Daily News- September 07- 2002- Saturday
US rebukes Myanmar over jailing of NLD activistsNo date set yet for crucial Thai-Myanmar meeting: Thai FMKraisak ups anti-abuse campaignBurma urged to join ASEAN Visa-free agreement
US rebukes Myanmar over jailing of NLD activists
WASHINGTON, Sept 6 (AFP) - The United States rebuked Myanmar on Friday after two members of Aung San Suu Kyi's National League for Democracy (NLD) were jailed for three years for dissident activity.
The State Department said the arrests of the two men "appear inconsistent with the regime's stated commitment to political reform," dealing a new blow to Myanmar's recent efforts to improve its appalling relations with Washington.
"We urge the regime to release all those detained for the peaceful expression of their political views," the department said in remarks to AFP."We expect these cases to be handled according to international norms of due process."
The two activists -- Aung Thein and Kyaw Naing Oo, both members of the NLD youth wing -- were arrested on August 22 and tried successively on August 23 and 26, NLD officials in Yangon said.They were found guilty under a 1950 emergency provision act and sentenced Thursday, even as seven other NLD members were released from jail in a gesture designed to mark a European Union delegation visit to Yangon this weekend.
Myanmar's ruling junta also announced Thursday that 39 female prisoners and another prisoner jailed "for connection with unlawful organisations" had been freed from jail.Hundreds of political prisoners have been released since the beginning of 2001 in goodwill gestures linked with fledgling talks between the junta and the opposition, but 1,500 are believed to still be incarcerated.
Aung San Suu Kyi has said her party's top priority is to secure the release of all the political prisoners and suggested last month that a mass release would be a precondition to a long-awaited political dialogue with the regime.
The arrests come amid rumors here in the dissident community that initial contacts between the junta and Aung San Suu Kyi prodded by UN envoy Razali Ismail have cooled.The State Department had no comment on that issue, but stressed that it hoped a substantive dialogue could begin soon.
Myanmar, which is treated as a pariah state by Washington and some of its Western allies has recently made attempts to improve its standing in the US capital, hiring a lobbying firm and making major policy announcements here rather than in Yangon.
In a statement issued here in July, the junta claimed it was victim of a vicious "smear" campaign designed to frustrate its goal of improving poisoned relations with the United States.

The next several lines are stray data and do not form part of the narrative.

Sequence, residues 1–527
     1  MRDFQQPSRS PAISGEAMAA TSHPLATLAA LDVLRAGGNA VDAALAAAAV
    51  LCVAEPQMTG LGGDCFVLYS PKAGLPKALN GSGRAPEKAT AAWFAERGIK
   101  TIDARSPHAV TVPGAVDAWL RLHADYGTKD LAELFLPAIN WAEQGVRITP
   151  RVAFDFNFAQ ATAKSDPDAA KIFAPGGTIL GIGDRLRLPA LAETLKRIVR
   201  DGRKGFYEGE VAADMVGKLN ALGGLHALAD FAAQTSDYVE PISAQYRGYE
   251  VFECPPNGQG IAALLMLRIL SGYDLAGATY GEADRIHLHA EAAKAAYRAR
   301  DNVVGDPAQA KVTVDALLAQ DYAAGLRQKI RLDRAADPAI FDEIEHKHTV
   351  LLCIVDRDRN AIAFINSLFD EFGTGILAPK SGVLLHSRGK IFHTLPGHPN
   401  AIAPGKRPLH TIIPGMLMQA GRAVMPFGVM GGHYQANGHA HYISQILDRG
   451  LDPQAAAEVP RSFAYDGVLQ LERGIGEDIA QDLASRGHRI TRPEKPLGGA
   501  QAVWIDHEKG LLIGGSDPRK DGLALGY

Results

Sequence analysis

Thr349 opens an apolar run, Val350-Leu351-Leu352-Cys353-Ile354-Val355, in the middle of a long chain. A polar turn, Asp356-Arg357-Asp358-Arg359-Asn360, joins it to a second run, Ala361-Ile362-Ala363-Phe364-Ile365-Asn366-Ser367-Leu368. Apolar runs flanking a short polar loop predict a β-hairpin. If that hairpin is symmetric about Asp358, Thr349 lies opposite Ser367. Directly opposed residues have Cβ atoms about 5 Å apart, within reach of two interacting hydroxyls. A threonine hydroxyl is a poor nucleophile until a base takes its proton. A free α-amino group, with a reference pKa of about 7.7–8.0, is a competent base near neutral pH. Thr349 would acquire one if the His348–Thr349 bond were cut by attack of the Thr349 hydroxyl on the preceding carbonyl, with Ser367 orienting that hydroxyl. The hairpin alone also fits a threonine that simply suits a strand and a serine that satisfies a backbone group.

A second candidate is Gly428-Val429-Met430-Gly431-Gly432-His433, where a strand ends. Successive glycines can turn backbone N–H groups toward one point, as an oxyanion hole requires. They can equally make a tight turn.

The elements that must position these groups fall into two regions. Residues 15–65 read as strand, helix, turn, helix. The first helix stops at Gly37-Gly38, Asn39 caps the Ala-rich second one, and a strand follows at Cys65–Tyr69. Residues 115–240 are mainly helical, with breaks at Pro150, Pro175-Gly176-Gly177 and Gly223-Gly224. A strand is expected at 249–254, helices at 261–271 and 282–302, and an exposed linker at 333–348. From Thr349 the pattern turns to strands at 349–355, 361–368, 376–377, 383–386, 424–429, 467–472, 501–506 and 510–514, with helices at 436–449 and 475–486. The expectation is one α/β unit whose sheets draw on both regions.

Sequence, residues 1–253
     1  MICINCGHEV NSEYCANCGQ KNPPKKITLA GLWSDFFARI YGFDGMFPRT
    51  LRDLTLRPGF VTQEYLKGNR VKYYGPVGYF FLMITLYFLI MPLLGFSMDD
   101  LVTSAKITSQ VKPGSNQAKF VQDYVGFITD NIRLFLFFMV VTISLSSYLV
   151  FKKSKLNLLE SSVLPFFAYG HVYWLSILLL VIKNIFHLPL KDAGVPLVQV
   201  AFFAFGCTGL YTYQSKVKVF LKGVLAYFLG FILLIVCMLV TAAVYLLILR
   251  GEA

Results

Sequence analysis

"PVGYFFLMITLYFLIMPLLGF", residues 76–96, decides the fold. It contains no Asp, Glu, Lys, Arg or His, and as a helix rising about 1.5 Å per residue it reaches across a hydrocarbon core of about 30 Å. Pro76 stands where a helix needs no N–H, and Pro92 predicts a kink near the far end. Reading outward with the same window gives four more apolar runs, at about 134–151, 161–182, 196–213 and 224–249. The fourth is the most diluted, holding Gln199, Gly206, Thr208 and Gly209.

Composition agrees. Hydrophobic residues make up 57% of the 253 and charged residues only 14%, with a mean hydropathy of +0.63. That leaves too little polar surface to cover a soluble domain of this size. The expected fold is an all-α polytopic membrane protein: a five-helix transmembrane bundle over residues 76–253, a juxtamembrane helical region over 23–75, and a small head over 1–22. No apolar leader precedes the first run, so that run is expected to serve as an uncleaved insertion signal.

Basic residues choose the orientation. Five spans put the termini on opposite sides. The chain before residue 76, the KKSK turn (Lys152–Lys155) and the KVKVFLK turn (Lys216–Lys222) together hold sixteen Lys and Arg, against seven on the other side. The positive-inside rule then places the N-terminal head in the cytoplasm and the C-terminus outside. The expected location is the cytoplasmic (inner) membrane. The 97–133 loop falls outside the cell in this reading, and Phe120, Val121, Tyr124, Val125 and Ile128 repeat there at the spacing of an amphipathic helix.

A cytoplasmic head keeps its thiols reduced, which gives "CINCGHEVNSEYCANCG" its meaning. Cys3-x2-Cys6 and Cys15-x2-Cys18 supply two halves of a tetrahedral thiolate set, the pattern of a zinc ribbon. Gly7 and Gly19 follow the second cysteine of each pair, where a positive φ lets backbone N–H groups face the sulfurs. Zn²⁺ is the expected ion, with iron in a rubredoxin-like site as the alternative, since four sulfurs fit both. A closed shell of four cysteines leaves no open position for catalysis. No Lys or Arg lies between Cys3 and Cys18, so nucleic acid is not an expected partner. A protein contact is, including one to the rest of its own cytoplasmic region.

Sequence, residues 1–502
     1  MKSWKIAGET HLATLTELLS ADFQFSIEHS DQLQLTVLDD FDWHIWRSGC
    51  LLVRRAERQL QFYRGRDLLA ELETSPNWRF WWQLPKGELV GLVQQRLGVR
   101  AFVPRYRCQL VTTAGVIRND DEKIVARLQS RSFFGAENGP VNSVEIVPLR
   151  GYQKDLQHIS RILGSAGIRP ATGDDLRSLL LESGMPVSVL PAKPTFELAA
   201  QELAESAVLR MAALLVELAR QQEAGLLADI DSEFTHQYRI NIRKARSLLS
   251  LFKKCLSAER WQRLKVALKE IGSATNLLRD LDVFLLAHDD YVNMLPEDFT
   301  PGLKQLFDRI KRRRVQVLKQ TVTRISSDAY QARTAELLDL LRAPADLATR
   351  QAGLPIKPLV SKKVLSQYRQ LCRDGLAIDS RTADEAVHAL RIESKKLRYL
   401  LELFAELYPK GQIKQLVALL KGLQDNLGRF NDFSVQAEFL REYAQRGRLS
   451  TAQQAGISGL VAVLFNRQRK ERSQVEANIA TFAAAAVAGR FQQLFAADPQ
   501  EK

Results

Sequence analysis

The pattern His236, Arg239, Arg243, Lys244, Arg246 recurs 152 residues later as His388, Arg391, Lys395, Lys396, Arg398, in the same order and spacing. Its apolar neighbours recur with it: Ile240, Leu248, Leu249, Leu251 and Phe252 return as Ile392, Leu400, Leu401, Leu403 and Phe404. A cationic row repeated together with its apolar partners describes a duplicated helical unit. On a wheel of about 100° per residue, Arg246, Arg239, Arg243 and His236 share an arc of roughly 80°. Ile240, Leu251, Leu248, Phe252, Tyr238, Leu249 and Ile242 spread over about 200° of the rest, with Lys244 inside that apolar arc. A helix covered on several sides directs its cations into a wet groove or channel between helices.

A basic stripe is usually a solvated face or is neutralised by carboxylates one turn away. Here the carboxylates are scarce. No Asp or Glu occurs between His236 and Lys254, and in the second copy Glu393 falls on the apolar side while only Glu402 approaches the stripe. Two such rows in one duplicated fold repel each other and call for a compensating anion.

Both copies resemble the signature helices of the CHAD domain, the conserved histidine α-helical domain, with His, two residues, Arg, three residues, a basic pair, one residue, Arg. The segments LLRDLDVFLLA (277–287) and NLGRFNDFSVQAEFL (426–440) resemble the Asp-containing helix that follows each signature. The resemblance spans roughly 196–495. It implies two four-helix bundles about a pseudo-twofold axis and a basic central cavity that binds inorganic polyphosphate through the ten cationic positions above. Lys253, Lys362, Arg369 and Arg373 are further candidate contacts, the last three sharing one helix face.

The tirade followed allegations that Myanmar troops had systematically raped women and girls in Shan state."These allegations are completely false, and we refuse to be deterred by those who would stand in our way of seeking cooperation with the United States on drug eradication, terrorism and promotion of human rights," said the statement.
The United States has warned junta that a bevy of sanctions and investment restrictions will be lifted only when substantial progress is made towards democratic reform.Washington is a staunch supporter of Aung San Suu Kyi, who's NLD won an overwhelming election victory in 1990 never recognised by the government.It also accuses Yangon of doing too little to crack down on the trade in illegal narcotics.
To The TopNo date set yet for crucial Thai-Myanmar meeting: Thai FM
BANGKOK, Sept 6 (AFP) - No date has been set yet for key ministerial talks between Thailand and Myanmar on defusing a months-long border crisis, Thailand's foreign minister said Friday, contradicting an earlier ministerial statement.
Thai Foreign Minister Surakiart Sathirathai said that his Myanmar counterpart Win Aung, whom he met in Johannesburg during the UN Earth Summit, had only indicated he wished to shift the meeting to the end of the month.It had originally been set for Friday.
"Win Aung wanted to come here during the third week of September or from September 23 to 25, but I have to attend an ASEM (Asia-Europe meeting) in Denmark then, and we also have to check the prime minister's schedule as Win Aung wants to see him too," Surakiart told reporters.
Thai defense minister General Yuthasak Sasiprapha had earlier told reporters the two would meet on September 30.Yuthasak had also said the talks would focus on the reopening of border checkpoints between the two countries, which have been closed since May 22, and on developing mechanisms to prevent a closure recurring.
Surakiart said Friday that while the issue would be discussed, it was not impacting bilateral relations.He also said that in Johannesburg Win Aung had reaffirmed Myanmar's commitment to hosting a visit by Thailand's Princess Maha Chakri Sirindhorn, to show the country respected the Thai monarchy.The two foreign ministers had agreed to arrange the visit when they met in Yangon in February this year. Surakiart said then that it was likely to take place in late October or early November.
Myanmar particularly raised Thailand's hackles in recent months when it published a series of articles Bangkok deemed insulting to its monarchy.Thailand barred the two Myanmar journalists responsible for the stories and Myanmar in retaliation banned 15 Thai journalists from Myanmar.
To The TopKraisak ups anti-abuse campaign
Supoj Wancharoen Pradit Ruangdit
Kraisak Choonhavan upped the ante in his campaign against Burma's treatment of ethnic minorities yesterday, using his strongest language yet to condemn what he called systematic rape, torture and murder on a large scale.
Mr Krasaik, chairman of the Senate foreign affairs committee, insisted that as many as 600 Shan women had been systematically raped by Burmese troops.
``In the central plains of the Shan state, unarmed villagers were threatened and suppressed. The worst are systematic rapes. More than 600 people have been raped. Some of them have been raped for three to four years. ``The victims included 11-year-olds and even a 60-year-old.